A tale of football, the funny but darker side of the game.


A few weeks ago, for my birthday, I had a trip to London to watch a play entitled ‘The Red Lion’.
Now I know it sounds like a pub, but it’s not! It’s a fictional non-league club riding high at the top end of their league with promotion on the horizon. It sounds like something I would’ve sought out, but it was my wife who found it after hearing about it on breakfast TV.
This however is not a stage play, oh no! It’s a studio not much bigger than some people’s front room, set up like a football changing room with shirts hanging on pegs.
There is a cast of only 3, Stephen Tomkinson of Wild at Heart and DCI Banks fame is the lead joined by John Bowler (The Bill) and Dean Bone (Vera).
Bone plays a talented young footballer hampered by a knee injury, Bowler the veteran wanting what’s best for the club that runs through his veins and Tomkinson the manager pushing for the best on and off the pitch by whatever means including the shadier side of football with bungs and brown envelopes.
Yates (Bowler) and Kidd (Tomkinson) both want what’s best for the kid in different ways, Yates wanting to nurture him at the club while Kidd see’s him as the cash cow to secure the clubs immediate financial future.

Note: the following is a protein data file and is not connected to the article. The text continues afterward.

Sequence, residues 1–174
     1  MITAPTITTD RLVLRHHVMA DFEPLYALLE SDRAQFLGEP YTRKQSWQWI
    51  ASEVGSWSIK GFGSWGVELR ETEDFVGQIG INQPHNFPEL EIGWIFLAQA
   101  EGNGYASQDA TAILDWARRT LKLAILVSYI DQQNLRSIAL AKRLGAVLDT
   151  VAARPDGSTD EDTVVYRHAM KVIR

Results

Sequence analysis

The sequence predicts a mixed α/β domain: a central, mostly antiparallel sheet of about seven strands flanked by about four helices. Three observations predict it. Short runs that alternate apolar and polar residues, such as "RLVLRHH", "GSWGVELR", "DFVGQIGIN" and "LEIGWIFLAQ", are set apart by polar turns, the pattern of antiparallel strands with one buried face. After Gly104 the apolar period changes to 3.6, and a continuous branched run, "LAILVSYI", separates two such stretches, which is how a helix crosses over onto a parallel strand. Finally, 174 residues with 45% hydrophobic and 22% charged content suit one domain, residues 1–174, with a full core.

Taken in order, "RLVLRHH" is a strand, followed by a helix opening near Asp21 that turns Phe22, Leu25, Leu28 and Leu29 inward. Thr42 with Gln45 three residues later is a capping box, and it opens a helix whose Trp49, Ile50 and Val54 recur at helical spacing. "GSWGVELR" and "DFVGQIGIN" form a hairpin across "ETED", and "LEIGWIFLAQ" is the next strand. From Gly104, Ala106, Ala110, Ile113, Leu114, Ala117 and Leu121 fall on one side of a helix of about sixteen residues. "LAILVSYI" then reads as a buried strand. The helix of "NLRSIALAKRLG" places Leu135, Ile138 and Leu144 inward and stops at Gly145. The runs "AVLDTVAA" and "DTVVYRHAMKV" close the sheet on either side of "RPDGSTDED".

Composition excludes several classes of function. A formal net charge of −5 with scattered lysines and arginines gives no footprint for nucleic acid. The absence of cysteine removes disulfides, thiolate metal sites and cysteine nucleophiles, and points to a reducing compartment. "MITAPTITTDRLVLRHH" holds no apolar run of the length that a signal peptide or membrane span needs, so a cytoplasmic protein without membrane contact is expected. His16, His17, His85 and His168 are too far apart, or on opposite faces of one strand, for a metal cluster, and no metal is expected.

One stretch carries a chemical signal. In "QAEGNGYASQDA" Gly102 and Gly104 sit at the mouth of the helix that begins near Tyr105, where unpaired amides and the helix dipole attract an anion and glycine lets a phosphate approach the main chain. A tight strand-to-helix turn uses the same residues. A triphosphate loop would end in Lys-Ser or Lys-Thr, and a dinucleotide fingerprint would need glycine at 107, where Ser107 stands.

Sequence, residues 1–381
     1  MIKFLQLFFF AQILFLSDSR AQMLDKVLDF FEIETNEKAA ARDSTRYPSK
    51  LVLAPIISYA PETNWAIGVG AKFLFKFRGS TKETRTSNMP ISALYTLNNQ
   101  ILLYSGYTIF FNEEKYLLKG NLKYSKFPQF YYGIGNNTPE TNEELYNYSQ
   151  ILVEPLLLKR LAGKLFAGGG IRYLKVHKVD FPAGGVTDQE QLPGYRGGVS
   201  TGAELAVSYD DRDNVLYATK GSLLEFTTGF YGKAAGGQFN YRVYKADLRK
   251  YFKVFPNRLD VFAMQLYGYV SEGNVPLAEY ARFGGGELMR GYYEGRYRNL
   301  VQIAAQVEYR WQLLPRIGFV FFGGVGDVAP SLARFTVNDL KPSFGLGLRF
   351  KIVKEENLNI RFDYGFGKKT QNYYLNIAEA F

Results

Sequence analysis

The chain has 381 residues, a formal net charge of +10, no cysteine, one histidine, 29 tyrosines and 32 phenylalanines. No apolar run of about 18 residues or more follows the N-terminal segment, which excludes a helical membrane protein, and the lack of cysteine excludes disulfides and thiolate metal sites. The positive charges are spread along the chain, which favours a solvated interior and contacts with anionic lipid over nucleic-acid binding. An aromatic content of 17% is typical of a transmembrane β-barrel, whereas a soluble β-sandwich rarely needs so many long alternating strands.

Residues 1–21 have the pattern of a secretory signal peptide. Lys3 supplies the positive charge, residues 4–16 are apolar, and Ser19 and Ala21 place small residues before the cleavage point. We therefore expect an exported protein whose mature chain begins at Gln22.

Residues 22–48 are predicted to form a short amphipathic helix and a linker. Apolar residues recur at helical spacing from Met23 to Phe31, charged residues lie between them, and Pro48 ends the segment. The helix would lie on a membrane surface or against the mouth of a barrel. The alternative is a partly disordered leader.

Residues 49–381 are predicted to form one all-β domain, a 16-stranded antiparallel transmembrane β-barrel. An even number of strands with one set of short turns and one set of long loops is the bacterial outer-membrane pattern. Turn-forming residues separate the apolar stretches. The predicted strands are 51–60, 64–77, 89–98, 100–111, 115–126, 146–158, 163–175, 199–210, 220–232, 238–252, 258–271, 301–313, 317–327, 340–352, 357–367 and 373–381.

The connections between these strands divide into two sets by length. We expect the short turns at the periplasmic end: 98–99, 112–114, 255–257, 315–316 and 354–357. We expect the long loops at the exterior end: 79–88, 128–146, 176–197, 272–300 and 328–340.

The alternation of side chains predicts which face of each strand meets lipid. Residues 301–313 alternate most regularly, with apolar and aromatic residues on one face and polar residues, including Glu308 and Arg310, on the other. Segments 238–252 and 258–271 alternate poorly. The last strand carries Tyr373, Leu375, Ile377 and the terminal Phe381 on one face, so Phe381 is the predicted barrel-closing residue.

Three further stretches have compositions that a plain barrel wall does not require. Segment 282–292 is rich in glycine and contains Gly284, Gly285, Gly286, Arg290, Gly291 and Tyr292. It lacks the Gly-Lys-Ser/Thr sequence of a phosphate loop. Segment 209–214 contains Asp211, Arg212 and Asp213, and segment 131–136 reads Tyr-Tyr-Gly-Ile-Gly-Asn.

As it transpires, Jordan (Bone) has a niggling knee injury which fails a medical, leaving Kidd fuming and into a blazing row with Yates over their ‘prodigal son’.
All three actors played their part perfectly, injected with humour, those with a non-league club background will appreciate the moaning of the state of the pitch, this and that not available, it’s not the Premier League, but the performances are. Sadly, the performance I saw was the last of the current run in London, something to remember given the closeness of the set and it’s personal feeling being that close to the actor’s, if it pop’s up again, go check it out, even those with a small knowledge or interest in football get what’s going on.


Leave a Reply

Fill in your details below or click an icon to log in:

WordPress.com Logo

You are commenting using your WordPress.com account. Log Out /  Change )

Twitter picture

You are commenting using your Twitter account. Log Out /  Change )

Facebook photo

You are commenting using your Facebook account. Log Out /  Change )

Connecting to %s